Alton Sterling: A Rumpus Roundup


If the regular mass shootings have been the distraction you needed to forget about America’s ongoing police violence, Baton Rouge, Louisiana would like to remind everyone that, too, is still a problem. On Monday evening, police shot and killed 37-year-old Alton Sterling while he lay pinned on the ground.

Nearly a thousand fatal police shootings occur each year, and Alton Sterling’s death might have simply become another statistic on an interactive graphic except for one pesky citizen who recorded the incident with his phone. Oops.

Baton Rouge police are currently testing for body cameras, but those cameras might have fallen off during the incident.

The incident played out in the parking lot of a convenience store, but the convenience store surveillance footage was conveniently confiscated by the police.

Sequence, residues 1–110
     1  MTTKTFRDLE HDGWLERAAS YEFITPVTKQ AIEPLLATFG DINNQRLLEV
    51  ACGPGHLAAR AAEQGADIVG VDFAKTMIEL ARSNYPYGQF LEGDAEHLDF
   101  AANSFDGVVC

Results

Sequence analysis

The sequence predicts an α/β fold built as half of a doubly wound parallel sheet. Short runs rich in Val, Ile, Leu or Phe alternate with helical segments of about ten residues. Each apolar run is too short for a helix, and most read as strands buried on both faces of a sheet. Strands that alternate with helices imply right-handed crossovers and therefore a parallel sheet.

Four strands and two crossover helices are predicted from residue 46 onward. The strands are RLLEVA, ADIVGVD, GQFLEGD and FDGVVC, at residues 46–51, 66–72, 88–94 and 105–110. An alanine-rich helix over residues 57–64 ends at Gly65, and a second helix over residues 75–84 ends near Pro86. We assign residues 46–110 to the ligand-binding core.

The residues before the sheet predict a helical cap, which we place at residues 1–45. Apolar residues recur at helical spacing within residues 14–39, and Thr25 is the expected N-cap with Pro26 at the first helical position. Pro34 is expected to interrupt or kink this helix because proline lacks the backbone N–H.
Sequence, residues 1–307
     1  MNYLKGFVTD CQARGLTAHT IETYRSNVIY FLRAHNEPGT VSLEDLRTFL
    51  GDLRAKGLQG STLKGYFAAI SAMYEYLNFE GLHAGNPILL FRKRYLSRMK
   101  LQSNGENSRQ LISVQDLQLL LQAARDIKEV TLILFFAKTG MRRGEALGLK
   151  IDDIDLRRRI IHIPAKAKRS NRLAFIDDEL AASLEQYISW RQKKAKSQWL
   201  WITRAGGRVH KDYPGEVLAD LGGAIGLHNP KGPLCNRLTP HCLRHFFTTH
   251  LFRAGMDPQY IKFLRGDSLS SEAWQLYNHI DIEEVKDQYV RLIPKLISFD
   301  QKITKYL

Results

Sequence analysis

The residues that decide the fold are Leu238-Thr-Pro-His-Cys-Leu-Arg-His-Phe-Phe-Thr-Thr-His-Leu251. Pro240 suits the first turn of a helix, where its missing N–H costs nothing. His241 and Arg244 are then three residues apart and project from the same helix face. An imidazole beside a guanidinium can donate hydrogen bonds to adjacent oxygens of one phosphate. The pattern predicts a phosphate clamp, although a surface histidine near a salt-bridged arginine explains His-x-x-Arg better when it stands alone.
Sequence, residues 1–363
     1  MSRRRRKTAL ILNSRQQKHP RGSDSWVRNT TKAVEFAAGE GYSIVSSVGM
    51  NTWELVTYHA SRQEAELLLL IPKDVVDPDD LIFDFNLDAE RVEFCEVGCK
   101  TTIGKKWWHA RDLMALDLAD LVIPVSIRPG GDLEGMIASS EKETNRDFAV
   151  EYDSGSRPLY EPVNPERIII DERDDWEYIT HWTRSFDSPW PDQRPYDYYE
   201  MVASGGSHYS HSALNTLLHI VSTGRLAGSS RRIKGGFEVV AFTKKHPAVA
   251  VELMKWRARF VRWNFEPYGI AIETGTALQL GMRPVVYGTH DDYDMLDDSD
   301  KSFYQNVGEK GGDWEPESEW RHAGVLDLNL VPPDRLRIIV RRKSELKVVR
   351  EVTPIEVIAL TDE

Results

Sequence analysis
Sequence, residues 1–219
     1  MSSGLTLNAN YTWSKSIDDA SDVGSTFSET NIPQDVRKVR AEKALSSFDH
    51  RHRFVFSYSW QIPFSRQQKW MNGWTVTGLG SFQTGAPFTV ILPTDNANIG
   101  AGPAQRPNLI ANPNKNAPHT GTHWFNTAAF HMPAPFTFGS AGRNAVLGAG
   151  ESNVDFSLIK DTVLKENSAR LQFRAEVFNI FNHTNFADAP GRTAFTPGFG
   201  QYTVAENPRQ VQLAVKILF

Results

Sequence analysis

Despite the malfunctioning body cameras and the disappearing surveillance footage, the phone recording was uploaded to the Internet and disseminated quickly through social media.

Turns out that having two heavily armed white dudes in uniforms shooting a black guy pinned to the ground is fairly unpopular. Within hours, hundreds of people showed up at the store to express their outrage.

Officers are heard on the recording yelling, “he’s got a gun!” However, Abdul Muflahi, owner of the convenience store where Sterling was shot, notes that at the time of the shooting, he did not see a gun and Sterling’s hands were “nowhere near his pocket.”

The coroner reports Sterling was shot multiple times in his back and chest.

Congressman Cedric Richmond, a Democrat representing New Orleans area, has called for a federal investigation of the shooting.

Celebrities have also spoken out on social media.

Sterling is the 114th black man killed by police in 2016.

Ian MacAllen is the author of Red Sauce: How Italian Food Became American (Rowman & Littlefield, April 2022). His writing has appeared in Chicago Review of Books, Southern Review of Books, The Offing, 45th Parallel Magazine, Little Fiction, Vol 1. Brooklyn, and elsewhere. He tweets @IanMacAllen and is online at More from this author →